For fluid bed reactors for the manufacture of silicon, suitable metals include, but are not limited to, high-temperature steels, e.g., 304H or 304L stainless steel, certain nickel alloys, e.g., Incoloy® 800H, certain iron-chromium-nickel-molybdenum alloys, or cobalt-based superalloys (a cobalt-based alloy having a face-centered cubic crystal structure, and suitable for use at temperatures above 540° C. (1000° F.)). Stainless steel 304H comprises 0.04-0.1 wt % carbon, up to 2 wt % manganese, up to 0.045 wt % phosphorus, up to 0.03 wt % sulfur, up to 0.75 wt % silicon, 18-20 wt % chromium, 8-10.5 wt % nickel, up to 0.1 wt % nitrogen, with the balance being iron. Stainless steel 304L comprises up to 0.03 wt % carbon, up to 2 wt % manganese, up to 0.045 wt % phosphorus, up to 0.03 wt % sulfur, up to 0.75 wt % silicon, 18-20 wt % chromium, 8-12 wt % nickel, up to 0.1 wt % nitrogen, with the balance being iron. Incoloy® 800H is a nickel-iron-chromium alloy comprising 30-35 wt % nickel/cobalt (up to 2 wt % cobalt), 19-23 wt % chromium, up to 1 wt % silicon, up to 1.5 wt % manganese, 0.05-0.1 wt % carbon, 0.15-0.6 wt % aluminum, 0.15-0.6 wt % titanium, up to 0.015 wt % sulfur, with the balance being iron.

In some embodiments, outer surfaces of probe assembly 110 are coated to further reduce or prevent product contamination and/or to reduce or prevent exterior damage from contact with fluidized particles. For example, exposed outer surfaces of probe assembly 110 (e.g., outer surfaces that are within the fluid bed reactor) may be coated with a Stellite® alloy (a non-magnetic, corrosion-resistant cobalt-chromium alloy comprising cobalt, chromium, carbon, and optionally tungsten, molybdenum, nickel, iron, aluminum, boron, manganese, phosphorus, sulfur, silicon, and/or titanium) or tungsten carbide/cobalt (e.g., 88% WC/12% Co, 83% WC/17% Co, 86% WC/10% Co/4% Cr). In some examples, outer surfaces of probe assembly 110 are coated with Stellite® 12, which includes 26-33% (w/w) chromium, 7-9.5% (w/w) tungsten, 0.1-1.5% (w/w) molybdenum, ≦2% (w/w) silicon, 0.5-1.5% (w/w) manganese, 1.1-1.9% (w/w) carbon, ≦2.5% (w/w) iron, ≦7% (w/w) nickel, ≦1% (w/w) boron, ≦0.03% (w/w) sulfur, ≦0.03% (w/w) phosphorus, with the balance being cobalt. One embodiment of Stellite® 12 (Kennametal Stellite) comprises 29.5% (w/w) chromium, 8.5% (w/w) tungsten, 1.5% (w/w) silicon, 1% (w/w) manganese, 1.4-1.85% (w/w) carbon, ≦2.5% (w/w) iron, ≦3% (w/w) nickel, with the balance being cobalt.

In view of the many possible embodiments to which the principles of the disclosure may be applied, it should be recognized that the illustrated embodiments are only preferred examples and should not be taken as limiting the scope of the disclosure. Rather, the scope of the disclosure is defined by the following claims.

Claims (18)

We claim:
1. A top head assembly for a fluid bed reactor, comprising:
a top head comprising at least one aperture therethrough, wherein the top head is configured to extend across a top of a reaction chamber of a fluid bed reactor; and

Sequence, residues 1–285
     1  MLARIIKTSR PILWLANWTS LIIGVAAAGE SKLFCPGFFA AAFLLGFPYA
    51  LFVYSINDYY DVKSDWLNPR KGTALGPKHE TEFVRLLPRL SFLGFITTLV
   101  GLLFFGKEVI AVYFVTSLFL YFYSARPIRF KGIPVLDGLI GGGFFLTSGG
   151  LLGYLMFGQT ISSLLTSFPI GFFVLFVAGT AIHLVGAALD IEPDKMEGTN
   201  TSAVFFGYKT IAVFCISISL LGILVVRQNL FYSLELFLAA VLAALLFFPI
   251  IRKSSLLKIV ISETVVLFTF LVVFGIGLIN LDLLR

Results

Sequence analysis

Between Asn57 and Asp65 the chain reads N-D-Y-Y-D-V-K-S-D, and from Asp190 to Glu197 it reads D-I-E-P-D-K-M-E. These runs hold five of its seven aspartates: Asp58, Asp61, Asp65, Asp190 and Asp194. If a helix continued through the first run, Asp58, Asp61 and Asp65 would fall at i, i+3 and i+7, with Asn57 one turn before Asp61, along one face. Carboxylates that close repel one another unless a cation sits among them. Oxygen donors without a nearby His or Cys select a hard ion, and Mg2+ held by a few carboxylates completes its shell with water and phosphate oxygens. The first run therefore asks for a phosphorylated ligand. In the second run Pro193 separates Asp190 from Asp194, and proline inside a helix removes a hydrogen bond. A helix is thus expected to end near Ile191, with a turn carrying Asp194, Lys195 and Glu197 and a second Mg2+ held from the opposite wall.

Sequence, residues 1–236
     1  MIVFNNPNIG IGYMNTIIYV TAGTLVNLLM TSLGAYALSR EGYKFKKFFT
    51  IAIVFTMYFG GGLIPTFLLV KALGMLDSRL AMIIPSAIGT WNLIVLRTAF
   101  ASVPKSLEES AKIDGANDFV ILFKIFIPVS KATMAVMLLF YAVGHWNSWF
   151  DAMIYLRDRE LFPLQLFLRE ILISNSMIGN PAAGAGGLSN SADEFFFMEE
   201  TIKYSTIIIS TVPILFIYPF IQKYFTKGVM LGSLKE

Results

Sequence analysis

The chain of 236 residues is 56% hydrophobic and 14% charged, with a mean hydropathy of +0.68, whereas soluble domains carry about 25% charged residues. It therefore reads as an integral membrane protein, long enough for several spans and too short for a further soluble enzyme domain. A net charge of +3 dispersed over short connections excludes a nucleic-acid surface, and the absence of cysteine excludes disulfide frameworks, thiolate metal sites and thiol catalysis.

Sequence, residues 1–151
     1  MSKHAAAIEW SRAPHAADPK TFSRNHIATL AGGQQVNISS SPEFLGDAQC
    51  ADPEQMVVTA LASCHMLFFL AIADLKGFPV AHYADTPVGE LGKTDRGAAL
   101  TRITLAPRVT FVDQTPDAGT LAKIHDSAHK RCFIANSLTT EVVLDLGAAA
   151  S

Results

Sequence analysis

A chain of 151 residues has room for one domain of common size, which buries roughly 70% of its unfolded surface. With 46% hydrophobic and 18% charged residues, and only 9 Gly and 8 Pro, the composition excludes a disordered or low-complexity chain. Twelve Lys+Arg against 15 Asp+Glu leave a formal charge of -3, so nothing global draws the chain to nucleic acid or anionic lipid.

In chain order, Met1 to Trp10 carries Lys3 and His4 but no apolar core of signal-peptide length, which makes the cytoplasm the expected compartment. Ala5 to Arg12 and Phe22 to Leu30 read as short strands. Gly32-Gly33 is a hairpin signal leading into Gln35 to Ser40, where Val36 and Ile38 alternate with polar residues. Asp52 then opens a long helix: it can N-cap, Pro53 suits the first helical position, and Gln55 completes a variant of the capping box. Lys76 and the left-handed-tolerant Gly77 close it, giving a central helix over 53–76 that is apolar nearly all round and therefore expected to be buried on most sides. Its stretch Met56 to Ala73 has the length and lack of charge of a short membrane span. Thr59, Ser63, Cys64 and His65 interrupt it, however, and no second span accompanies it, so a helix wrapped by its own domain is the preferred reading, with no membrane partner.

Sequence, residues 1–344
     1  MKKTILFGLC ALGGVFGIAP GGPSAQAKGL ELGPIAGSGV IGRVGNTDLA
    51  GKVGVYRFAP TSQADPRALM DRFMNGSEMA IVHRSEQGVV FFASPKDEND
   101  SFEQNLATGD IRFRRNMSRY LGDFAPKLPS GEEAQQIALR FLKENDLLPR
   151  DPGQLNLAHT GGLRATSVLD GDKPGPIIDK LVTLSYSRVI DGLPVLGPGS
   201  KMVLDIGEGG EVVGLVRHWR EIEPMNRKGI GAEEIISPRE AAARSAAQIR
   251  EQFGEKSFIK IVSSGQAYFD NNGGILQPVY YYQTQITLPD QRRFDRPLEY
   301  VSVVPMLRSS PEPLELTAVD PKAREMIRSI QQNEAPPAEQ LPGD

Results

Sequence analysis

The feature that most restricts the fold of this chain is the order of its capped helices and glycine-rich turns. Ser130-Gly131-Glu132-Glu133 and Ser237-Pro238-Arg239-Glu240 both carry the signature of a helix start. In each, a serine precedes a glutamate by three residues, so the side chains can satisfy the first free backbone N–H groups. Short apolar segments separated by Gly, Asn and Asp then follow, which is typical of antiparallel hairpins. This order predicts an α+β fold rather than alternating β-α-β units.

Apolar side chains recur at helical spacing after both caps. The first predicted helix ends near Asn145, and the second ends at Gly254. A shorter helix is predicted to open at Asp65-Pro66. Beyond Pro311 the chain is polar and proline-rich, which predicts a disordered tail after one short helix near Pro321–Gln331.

a probe assembly positioned such that it extends downwardly through the aperture into the reaction chamber when the top head assembly is installed in the fluid bed reactor, the probe assembly comprising
a fluid bed reactor (FBR) member having an outer surface, a maximum transverse outer dimension D1, a distal end, and a length L1, and
a pressure tap that has a wall defining a passageway, a maximum transverse outer dimension D2 where D2>D1, a distal end, and a length L2, wherein the FBR member is located within the passageway of the pressure tap, and the pressure tap wall is spaced apart from the outer surface of the FBR member to define a space between the FBR member and the pressure tap wall.
2. The top head assembly of claim 1 wherein the FBR member is a thermocouple, a seed pipe, a particle sampling line, a gas sampling line, a gas feed line, a heater, a second pressure tap, or a combination thereof.
3. The top head assembly of claim 1 wherein L1>L2 such that the distal end of the FBR member is located below the distal end of the pressure tap wall when the top head assembly is installed in the fluid bed reactor.
4. The top head assembly of claim 3 wherein the FBR member is a seed pipe, a thermocouple, a particle sampling line, a gas sampling line, a gas feed line, a heater, a second pressure tap, or a combination thereof.
5. The top head assembly of claim 1 wherein L1≦L2 such that the distal end of the FBR member is located at or above the distal end of the pressure tap wall when the top head assembly is installed in the fluid bed reactor.
6. The top head assembly of claim 5 wherein the FBR member is a seed pipe, a gas feed line, a heater, or a combination thereof.
7. The top head assembly of claim 1, further comprising a support proximate a distal end of the pressure tap wall, the support comprising:
an outer member having a maximum transverse outer dimension D3, wherein D3≦D2; and
a plurality of spacer rods extending inwardly from the outer member.